The Six Components of a Successful Learning Program

October 22, 2014

Success Learning ProgramsShould we make our learning programs mandatory? It’s not surprising that this one single question tends to dominate when organizations are considering formal learning for their workforce.

Let’s face it – formal learning can be expensive and time consuming so organizations expect certain assurances that if they spend the time and money to deliver a learning program, they are going to get a good outcome.

Mandating a learning program is certainly part of the discussion. Making participation voluntary can, in many instances, lead to slow uptake. On the other hand, mandatory participation can place a huge burden on participants, especially when lumped on top of regular duties.

However, far too many organizations spend way too much time worrying about whether to make the program mandatory. So much so, that they never get down to the hard work of actually building the L&D program itself.

For L&D programs to be successful, they must make substantial, measurable contributions to their organization’s business strategy. In other words, the learning must connect to the current challenges facing the business. This may seem like a fairly obvious point, but far too many organizations launch L&D programs without connecting them to current business challenges.

Before getting around to the issue of whether to make learning mandatory, there are other questions that must be asked. First and foremost, ‘What’s driving the need for more learning?’

You need to create purpose to paycheck awareness and support the participation of the managers of the participants so that everyone understands that learning is a critical part of everyone’s job.

Where to start? There are several important steps that need to be taken to create that awareness and ensure that any L&D initiative is directly connected to business strategy.

  1. Investigate, validate, and document it. Although it may be hard to believe, many organizations unleash a learning program without identifying the reasons why a program is needed and what the scope of the program will be. Is the audience geographically dispersed?  How many participants will be telecommuters and need a virtual solution?  What is the generational audience like and appetite for the use of technology? How will learning be embedded and sustained in the organization? These are your key drivers and they must be identified up front.
  2. Map it. What is the current state of learning among your employee population, and where would you like them to end up? Many organizations forget to clearly identify the starting point. As a result, it becomes difficult to tell just how effective an L&D program has been. It’s a bit like using MapQuest; a properly designed learning program includes directions on how to get from here (current state) to there (the end state).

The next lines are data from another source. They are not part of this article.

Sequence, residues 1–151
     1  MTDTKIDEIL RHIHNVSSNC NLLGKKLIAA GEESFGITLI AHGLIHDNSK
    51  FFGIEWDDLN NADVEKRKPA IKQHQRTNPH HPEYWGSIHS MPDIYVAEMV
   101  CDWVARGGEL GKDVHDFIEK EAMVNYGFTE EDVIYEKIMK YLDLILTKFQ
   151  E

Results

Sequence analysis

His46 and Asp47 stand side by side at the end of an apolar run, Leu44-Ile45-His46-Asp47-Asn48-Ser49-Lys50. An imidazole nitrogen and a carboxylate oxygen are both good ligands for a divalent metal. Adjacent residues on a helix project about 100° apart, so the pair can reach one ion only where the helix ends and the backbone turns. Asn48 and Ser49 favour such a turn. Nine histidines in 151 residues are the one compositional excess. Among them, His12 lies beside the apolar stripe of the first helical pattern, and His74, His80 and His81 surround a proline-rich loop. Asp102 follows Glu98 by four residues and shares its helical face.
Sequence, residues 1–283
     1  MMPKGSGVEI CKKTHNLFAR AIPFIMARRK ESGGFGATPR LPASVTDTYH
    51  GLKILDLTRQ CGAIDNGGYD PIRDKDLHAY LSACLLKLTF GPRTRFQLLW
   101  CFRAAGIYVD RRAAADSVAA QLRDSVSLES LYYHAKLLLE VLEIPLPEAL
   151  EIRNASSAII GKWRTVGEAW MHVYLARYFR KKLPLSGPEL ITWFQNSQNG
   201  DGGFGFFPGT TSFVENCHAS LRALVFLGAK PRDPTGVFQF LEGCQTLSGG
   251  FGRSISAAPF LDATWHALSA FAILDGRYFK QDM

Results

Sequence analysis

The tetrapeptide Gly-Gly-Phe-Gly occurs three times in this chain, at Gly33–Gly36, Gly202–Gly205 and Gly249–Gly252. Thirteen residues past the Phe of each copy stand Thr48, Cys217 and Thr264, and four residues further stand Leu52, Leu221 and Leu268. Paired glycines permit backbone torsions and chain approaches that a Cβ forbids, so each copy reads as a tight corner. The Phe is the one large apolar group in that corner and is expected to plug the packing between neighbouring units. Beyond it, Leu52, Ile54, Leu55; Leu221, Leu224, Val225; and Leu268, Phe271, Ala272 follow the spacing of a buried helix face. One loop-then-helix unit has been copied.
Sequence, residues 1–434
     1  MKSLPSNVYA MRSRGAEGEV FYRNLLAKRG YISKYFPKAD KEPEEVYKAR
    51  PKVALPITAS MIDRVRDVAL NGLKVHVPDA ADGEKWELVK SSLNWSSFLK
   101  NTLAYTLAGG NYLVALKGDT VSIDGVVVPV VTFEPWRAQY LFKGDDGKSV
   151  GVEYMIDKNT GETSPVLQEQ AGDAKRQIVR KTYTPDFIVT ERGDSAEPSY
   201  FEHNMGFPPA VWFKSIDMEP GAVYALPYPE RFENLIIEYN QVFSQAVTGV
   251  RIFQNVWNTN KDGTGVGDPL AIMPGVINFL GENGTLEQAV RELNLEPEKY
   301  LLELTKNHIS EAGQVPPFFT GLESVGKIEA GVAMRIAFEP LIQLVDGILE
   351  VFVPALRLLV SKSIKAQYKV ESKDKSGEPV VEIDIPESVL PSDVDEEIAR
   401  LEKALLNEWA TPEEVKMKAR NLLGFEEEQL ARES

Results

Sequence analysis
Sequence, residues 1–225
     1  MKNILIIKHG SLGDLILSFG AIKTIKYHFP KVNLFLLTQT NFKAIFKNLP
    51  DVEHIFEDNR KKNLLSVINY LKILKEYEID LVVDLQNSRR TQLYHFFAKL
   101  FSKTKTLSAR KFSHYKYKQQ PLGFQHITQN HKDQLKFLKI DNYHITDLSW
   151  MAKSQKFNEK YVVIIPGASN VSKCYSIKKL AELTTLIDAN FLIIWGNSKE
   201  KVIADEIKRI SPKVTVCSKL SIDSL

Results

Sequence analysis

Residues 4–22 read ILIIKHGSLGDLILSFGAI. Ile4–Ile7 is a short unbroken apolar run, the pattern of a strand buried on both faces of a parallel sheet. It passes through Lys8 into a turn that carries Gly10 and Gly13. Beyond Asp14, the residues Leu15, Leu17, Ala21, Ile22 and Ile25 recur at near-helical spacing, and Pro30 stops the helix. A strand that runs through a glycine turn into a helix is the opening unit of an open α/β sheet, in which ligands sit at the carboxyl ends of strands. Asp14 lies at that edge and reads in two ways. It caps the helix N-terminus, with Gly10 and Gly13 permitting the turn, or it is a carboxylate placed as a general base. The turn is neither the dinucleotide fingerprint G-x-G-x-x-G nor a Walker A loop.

3. Promote it. At this stage, leadership has to show its support for learning. It’s not enough just to offer a program. Regardless of whether the learning is mandated or not, your people will want to know not only why they are doing it, but that it is a priority at the highest levels of the organization.  Engage senior leaders in the preparation and on-going support of the initiative. This will help establish expectations, engagement, and accountability and drive many of your people into the learning program.
  4. Develop and implement it.  Congratulations – you’ve finally arrived at the point where you can knowledgeably discuss issues like mandating. You know whom you want to train, and what you want them to learn. Now, you can investigate implementation concerns. How much time will each employee need to complete the training? How will work be shared while people are on course? Are mid-level managers supporting those who are occupied with learning? Anticipating and defusing these practical concerns will help ensure a good outcome.
  5. Derail the ‘Derailers.’  This is where you can address the “What’s-in-it-for-me?” dynamic. Every learning program, whether mandated or not, has a “derailer” constituency – people who resent having to take time for learning, and disrupt the L&D program for others. These folks clearly do not realize that the things most employees value – opportunities for advancement, more responsibility, better pay and benefits – are accessible through L&D. Make participants fully accountable for their participation, and tell them in direct terms how important the L&D is to the organization’s business plan and their future. Derailers will find much less support in the room.
  6. Document it. It’s not enough for people to complete an L&D program. You need to take some time at the end to ensure the knowledge you wanted to impart actually ended up in the desired location. Remember your road map? This last stage is where you learn what you did right, what went wrong, and what you need to do next time to keep the learning ball rolling.

It’s not necessary to dwell on the issue of whether to mandate learning programs if you follow these logical steps. Learning should energize your people, not be a burden in any sense of the word.

Fortunately, a properly conceived, mapped, promoted, implemented, and documented L&D program will draw plenty of interest from your workforce.  In essence, it will market itself.

If you have addressed all six components above you will be well on the way to cultivating a positive and consistent learning culture. 

Not only that, you will be in a position to discuss the issue of mandating with the comfort of knowing you have an effective program to deliver.

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